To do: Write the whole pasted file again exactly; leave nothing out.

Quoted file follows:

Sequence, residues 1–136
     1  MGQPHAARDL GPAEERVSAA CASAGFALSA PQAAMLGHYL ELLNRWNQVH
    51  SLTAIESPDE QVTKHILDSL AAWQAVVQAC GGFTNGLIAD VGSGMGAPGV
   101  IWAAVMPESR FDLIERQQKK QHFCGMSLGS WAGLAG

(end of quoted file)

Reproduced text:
Sequence, residues 1–136
     1  MGQPHAARDL GPAEERVSAA CASAGFALSA PQAAMLGHYL ELLNRWNQVH
    51  SLTAIESPDE QVTKHILDSL AAWQAVVQAC GGFTNGLIAD VGSGMGAPGV
   101  IWAAVMPESR FDLIERQQKK QHFCGMSLGS WAGLAG